So, has this experimental class failed? No, I don’t think so. But I don’t think it has succeeded in living up to our expectations, either. We have been organized, but not as organized as some other classes. We have created substantive work, but not as substantive as some other classes. For better or for worse, I can scrape by without spending much time working on assignments from this class and then use that time to work on more time-pressing projects (or, admittedly, spend as many moments as I can with my friends before I leave Andover). So I do that. My Phillips Academy experience has not shaped me to be a dedicated, consistent scholar so much as an economic one; the amount of work I put into a course is roughly equivalent to the amount of work its teacher requires of me to get an average grade.

Ultimately, Hacking class so far has reaffirmed my belief that the teacher is the most important factor in a student’s education. The relatively free reign Phillips Academy faculty are given results in a strikingly clear example of how many different ways any given subject matter or skill can be taught. Take English 300, for example: while there are certainly many advantages to letting English teachers expand their curricula to cover materials they may deem more important than the standard canon of literature written by old, dead, white guys, the program almost immediately blossomed into a collection of randomly-assigned English electives with very little bearing on each other. Studying contemporary theory and film about the Algerian War develops significantly different analytical techniques than reading Shakespeare’s plays, as I found when I did both in my own English 300 class. If a student struggles to adapt to any one professor’s teaching style or materials, they are compensated with little more than a sympathetic pat on the back by their friends.

I could spend many more pages addressing the issues of widely disparate teaching and grading styles between teachers of the same department and even the same course, but I am only bringing them up here to illustrate the extraordinary influence a teacher holds over the education of their students, particularly in schools like Phillips Academy with very small class sizes. And if Hacking: A Practicum has taught me anything consistently over the past few weeks, it’s that self-education is a tremendously challenging and risky method, especially for people like me who struggle to find inner motivation. A TED talk is not a teacher. Khan Academy is not a teacher. They are audio-visual textbooks, presenting us with valuable information that we can revisit over and over, but they can never answer our questions, or explain it a different way, or make sure we’re not slacking our way through the class. The best thing that has ever happened to me has been the Andover faculty, of whom many have been the most intelligent, well-read, interesting, and compassionate people I’ve ever met. Teachers bring an irreplaceable human connection and background of learning which, for the time being, computers simply can’t replace. Our vision of designing an efficient and well-rounded class without actually learning it first was, in retrospect, probably a bit short-sighted.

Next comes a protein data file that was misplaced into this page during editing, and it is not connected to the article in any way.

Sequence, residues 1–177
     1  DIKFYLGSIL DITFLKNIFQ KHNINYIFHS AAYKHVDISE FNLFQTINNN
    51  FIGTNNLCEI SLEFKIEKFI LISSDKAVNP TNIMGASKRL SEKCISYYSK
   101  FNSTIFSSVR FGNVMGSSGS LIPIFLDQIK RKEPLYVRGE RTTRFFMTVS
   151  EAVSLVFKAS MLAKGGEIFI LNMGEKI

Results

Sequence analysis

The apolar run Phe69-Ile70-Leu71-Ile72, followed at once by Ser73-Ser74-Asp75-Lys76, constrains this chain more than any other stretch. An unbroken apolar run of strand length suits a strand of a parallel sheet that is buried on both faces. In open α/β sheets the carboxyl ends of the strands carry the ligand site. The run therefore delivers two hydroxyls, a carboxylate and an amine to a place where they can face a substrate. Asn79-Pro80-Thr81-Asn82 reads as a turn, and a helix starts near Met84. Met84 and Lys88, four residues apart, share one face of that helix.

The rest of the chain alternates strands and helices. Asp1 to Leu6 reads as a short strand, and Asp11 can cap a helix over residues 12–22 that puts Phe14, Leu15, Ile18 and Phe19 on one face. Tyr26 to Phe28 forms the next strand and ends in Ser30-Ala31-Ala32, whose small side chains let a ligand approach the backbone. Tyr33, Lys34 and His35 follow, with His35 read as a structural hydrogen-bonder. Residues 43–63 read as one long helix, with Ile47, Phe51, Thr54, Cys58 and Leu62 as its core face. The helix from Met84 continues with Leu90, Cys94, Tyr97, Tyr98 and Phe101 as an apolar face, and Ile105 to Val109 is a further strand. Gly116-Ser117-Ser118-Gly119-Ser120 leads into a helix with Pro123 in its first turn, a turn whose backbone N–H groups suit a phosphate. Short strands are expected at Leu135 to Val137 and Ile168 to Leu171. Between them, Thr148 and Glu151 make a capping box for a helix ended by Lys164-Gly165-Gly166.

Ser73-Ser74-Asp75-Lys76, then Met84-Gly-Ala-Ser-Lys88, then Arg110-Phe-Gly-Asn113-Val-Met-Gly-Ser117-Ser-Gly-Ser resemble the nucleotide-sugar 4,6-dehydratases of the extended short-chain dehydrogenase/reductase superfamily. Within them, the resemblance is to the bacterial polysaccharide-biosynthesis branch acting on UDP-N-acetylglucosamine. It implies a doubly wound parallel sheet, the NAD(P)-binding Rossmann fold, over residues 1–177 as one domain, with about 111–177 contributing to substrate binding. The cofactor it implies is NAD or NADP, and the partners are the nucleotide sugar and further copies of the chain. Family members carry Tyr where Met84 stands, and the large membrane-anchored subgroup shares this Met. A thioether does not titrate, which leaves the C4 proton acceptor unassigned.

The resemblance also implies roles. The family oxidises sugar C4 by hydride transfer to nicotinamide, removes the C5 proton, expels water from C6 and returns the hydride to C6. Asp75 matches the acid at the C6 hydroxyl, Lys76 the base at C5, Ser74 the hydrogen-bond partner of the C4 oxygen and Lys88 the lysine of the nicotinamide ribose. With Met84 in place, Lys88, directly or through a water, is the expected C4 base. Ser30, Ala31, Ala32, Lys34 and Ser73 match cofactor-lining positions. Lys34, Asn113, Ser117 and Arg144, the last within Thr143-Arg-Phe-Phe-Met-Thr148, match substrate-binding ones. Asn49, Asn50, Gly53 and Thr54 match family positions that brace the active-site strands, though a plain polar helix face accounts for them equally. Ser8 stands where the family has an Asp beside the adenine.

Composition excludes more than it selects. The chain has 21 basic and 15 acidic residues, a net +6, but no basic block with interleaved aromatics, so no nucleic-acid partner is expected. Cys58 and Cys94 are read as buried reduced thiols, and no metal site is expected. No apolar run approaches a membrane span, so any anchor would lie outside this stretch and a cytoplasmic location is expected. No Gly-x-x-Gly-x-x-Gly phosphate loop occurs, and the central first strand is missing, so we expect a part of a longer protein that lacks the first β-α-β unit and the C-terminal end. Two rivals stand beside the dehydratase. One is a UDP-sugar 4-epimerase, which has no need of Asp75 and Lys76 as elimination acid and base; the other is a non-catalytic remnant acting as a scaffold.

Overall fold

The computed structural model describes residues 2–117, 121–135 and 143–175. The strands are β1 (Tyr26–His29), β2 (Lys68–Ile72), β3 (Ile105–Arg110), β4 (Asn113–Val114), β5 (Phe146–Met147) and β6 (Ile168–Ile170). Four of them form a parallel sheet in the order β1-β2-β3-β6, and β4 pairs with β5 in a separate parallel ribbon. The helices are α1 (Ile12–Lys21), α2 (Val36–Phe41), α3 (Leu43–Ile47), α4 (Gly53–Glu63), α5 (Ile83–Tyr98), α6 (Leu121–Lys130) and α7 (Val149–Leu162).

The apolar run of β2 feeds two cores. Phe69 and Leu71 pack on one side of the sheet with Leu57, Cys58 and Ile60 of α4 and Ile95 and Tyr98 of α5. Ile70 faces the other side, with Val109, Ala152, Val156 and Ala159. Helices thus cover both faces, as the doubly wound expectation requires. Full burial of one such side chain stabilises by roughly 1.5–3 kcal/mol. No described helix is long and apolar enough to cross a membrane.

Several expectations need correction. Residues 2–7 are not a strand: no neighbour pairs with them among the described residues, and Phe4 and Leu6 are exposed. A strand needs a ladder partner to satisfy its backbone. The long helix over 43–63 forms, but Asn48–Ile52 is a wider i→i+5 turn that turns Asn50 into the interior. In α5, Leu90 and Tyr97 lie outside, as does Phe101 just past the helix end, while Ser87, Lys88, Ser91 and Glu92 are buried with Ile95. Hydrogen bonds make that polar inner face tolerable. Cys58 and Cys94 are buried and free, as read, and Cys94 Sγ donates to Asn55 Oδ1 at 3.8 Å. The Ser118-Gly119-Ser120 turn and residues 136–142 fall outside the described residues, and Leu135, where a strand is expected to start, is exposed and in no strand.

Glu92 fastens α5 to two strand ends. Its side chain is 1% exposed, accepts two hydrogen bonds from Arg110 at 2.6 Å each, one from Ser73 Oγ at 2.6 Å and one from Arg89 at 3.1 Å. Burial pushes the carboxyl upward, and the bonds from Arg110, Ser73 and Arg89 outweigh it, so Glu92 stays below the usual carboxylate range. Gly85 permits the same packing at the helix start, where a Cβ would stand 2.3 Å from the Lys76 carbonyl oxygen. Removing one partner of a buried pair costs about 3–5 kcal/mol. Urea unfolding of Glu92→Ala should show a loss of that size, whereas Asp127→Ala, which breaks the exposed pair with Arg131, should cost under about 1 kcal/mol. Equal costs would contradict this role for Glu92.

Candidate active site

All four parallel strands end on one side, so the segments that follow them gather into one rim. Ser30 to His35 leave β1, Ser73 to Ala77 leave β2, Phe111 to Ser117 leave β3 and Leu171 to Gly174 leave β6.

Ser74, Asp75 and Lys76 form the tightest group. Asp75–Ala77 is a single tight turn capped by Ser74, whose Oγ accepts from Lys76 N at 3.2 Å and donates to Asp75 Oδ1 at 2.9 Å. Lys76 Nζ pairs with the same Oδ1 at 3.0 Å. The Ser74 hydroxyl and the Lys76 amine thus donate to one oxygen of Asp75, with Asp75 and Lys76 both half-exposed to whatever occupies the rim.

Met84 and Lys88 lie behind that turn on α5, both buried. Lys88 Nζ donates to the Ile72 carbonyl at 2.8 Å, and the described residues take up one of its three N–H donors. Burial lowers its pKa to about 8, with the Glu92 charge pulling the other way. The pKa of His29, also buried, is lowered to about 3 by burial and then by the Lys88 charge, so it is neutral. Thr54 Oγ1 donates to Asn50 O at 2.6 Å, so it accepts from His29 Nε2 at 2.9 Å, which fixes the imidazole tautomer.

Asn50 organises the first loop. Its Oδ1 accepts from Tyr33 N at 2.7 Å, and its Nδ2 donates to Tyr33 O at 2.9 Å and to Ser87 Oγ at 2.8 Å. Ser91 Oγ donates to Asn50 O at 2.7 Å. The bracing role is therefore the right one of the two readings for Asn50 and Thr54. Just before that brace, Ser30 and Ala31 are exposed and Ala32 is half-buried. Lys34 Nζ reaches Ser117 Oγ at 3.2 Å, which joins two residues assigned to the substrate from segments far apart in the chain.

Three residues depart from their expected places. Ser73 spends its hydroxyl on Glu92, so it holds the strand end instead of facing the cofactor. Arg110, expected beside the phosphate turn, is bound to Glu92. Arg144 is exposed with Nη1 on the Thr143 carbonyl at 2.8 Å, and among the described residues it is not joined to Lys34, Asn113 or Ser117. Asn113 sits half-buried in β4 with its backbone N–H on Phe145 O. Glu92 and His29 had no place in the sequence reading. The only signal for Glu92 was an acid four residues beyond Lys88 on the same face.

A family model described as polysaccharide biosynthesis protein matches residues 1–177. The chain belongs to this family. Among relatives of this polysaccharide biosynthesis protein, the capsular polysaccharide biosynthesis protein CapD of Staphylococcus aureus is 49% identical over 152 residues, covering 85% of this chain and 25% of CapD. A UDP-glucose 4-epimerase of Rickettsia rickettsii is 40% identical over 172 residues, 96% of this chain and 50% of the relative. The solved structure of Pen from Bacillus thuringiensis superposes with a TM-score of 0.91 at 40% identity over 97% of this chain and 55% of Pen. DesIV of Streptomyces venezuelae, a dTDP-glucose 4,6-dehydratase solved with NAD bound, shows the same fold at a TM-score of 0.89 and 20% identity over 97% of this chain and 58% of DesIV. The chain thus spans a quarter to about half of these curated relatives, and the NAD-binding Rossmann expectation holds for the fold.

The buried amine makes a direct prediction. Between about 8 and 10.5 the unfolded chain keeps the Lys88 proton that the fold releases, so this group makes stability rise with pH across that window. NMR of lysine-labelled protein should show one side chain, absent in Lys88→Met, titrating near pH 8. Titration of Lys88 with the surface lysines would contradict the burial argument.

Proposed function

That said, I think it is better to design an experiment with too optimistic a goal than to fall back to the status quo. We have still made a great deal of progress, and I think the work we have produced so far is nothing to be ashamed of. This class is an experiment, after all, and its failure could teach us just as much as its success – as long as we keep paying attention.